Before I had any meaningful appreciation of the concept of law, my parents christened me ‘pocket lawyer’ in recognition of my perhaps annoying ability as a child to produce a counterargument for any reproof at will. As I grew, my understanding of and interest in law grew also which led to my decision to study the subject at university. Upon graduating, I took a non-traditional route into private practice. My commitment to social mobility and empowering young people led me to volunteer for a year with the City Year UK charity. I spent an incredible year, primarily coaching and mentoring at-risk students, which culminated in a position at The Royal Household. In the intervening period between receiving my training contract offer and my start date, I worked for the International Development Committee at the House of Commons. I then studied the accelerated LPC and commenced my training with Herbert Smith Freehills shortly after.

My Future Focus


There’s huge potential for disruptive technology to revolutionise the practice of law. I want to take advantage of initiatives such as Innovation 10 to harness the potential of technology to transform the service we provide to clients.

My difference

Following graduation, I decided to spend a year volunteering for social mobility charity, City Year UK, a dual-purpose charity which trains and places full time 18-25 year old volunteers in state primary and secondary schools to mentor at-risk schoolchildren and to foster social mobility.  I was allocated to an inner-city primary school in London, where I created a number of interventions for pupils including an additional maths provision for underperforming high potential students.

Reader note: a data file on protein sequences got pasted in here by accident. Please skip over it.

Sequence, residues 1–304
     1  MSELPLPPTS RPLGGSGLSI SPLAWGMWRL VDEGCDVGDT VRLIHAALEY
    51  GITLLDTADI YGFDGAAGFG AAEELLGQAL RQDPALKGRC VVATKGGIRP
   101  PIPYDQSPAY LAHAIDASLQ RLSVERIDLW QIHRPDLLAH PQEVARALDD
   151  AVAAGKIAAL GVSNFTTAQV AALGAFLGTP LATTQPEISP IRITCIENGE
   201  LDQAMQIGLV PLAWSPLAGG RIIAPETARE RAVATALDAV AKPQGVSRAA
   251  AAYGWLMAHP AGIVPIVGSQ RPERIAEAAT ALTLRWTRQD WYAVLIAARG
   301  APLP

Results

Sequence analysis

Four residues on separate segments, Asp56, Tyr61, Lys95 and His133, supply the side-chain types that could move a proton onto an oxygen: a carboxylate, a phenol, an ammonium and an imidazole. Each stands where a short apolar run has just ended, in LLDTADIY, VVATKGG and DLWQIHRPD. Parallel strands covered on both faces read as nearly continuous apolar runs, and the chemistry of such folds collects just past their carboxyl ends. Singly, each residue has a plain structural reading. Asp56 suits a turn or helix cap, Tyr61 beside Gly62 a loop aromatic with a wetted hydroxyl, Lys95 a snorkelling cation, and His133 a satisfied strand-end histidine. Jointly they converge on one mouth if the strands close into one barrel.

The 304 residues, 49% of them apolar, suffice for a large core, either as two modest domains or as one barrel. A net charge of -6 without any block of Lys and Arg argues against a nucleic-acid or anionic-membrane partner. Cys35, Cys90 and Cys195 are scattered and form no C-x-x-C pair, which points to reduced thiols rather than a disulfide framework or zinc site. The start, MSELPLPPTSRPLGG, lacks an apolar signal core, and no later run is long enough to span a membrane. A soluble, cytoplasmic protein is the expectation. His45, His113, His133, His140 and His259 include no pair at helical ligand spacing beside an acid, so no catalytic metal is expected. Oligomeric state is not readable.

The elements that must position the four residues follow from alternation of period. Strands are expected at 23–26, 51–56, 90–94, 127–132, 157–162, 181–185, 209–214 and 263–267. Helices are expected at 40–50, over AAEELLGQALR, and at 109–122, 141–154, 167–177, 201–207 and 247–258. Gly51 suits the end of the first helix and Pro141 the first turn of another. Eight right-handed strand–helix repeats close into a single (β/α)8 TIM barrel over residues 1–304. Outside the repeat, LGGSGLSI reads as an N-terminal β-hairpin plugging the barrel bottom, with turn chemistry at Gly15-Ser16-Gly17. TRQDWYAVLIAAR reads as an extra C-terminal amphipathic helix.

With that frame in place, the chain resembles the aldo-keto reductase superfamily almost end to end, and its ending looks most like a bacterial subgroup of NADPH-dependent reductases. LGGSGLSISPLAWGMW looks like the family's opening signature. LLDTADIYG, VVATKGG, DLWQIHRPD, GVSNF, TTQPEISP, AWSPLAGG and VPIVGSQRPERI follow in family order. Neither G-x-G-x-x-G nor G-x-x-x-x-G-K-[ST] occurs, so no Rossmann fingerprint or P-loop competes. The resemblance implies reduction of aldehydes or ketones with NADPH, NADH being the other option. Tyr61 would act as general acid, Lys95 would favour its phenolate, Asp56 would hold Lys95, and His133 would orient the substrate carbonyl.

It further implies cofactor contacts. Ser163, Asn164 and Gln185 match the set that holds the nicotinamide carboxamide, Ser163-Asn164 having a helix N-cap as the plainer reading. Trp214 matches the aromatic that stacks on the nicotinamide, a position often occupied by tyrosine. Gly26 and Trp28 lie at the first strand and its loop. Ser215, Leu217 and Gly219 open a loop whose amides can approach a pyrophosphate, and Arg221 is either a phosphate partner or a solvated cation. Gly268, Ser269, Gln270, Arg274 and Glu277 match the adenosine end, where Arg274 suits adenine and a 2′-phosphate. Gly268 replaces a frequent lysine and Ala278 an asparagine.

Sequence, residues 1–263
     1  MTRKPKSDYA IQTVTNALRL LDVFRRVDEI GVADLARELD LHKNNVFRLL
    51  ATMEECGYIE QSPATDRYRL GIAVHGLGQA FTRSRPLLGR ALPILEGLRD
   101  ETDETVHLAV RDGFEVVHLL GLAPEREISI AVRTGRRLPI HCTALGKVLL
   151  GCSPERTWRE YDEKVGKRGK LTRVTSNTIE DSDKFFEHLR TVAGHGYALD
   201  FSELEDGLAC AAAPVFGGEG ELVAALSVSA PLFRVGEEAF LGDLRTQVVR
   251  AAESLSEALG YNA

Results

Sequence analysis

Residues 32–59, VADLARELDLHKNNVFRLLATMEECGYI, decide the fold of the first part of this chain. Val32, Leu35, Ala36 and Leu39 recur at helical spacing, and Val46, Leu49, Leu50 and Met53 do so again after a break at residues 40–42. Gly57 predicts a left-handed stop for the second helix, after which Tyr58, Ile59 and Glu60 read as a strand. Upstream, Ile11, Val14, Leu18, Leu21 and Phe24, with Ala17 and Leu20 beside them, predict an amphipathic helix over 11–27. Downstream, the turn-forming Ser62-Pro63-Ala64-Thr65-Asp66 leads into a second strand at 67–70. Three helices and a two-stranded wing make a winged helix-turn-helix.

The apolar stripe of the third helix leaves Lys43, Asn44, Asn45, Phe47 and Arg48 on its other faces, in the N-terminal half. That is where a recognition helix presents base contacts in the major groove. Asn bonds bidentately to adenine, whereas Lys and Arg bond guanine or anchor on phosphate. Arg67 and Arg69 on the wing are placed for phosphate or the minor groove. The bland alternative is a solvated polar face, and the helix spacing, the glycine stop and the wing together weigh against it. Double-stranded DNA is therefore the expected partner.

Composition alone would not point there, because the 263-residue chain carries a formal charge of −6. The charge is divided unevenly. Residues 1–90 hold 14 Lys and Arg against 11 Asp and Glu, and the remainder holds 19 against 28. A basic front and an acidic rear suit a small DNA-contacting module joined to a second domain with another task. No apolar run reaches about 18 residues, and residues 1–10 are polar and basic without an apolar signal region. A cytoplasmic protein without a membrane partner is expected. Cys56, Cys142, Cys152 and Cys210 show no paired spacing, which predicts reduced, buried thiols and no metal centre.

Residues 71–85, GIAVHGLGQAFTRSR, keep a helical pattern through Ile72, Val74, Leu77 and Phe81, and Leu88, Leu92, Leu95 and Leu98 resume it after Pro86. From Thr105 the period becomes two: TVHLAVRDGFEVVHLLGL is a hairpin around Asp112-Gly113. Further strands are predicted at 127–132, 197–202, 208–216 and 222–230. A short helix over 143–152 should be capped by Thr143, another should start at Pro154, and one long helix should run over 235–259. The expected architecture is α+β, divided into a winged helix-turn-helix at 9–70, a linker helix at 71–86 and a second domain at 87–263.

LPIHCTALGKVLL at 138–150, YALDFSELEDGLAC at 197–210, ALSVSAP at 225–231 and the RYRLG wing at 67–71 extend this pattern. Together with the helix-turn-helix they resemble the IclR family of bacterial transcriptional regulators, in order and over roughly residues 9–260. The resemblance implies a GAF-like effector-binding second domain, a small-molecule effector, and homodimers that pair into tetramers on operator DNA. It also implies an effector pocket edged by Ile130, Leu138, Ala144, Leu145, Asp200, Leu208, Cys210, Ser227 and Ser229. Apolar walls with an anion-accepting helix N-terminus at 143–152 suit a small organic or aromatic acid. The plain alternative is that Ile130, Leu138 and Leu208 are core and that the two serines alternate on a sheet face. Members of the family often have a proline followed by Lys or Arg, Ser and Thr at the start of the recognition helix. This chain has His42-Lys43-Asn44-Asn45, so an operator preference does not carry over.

On an ostensibly ordinary Friday afternoon, I rewarded a group of students who had achieved their behavioural targets that week with a visit to the school's technology suite.  One of the students in the group happened to also form part of my additional maths provision.  As I sauntered around the room monitoring the students' internet surfing, I noted that the student from my maths provision had angled his computer screen away from public viewing.  Fearing the worst, I marched over and demanded to see the screen.  My request was met initially with an expected resistance and then to my surprise, embarrassment.  The student only agreed to show me his screen on the condition that I promised not to laugh at its contents. I dutifully agreed.  Again, to my surprise (and admittedly, relief), it was a YouTube video of a mechanic fixing a car. 

In the dialogue that followed, the pupil confessed that he aspired to be a mechanic to follow in the footsteps of his uncle.  I added in passing that he could work on spaceships if he was particularly adept at maths and science.  His response struck me.  He gasped and shouted "really!"  Evidently he didn’t know it was possible because no one had ever told him or shown him that it was. For weeks, I had struggled to get him to concentrate during the maths provision and in an instant, he was energised and engaged!  This experience has stayed with me and has made me different.  Now, part of my desire to make the most of my potential and become as successful as my talent will allow is to become a visible role-model to the next generation. 

Things I never thought I would know

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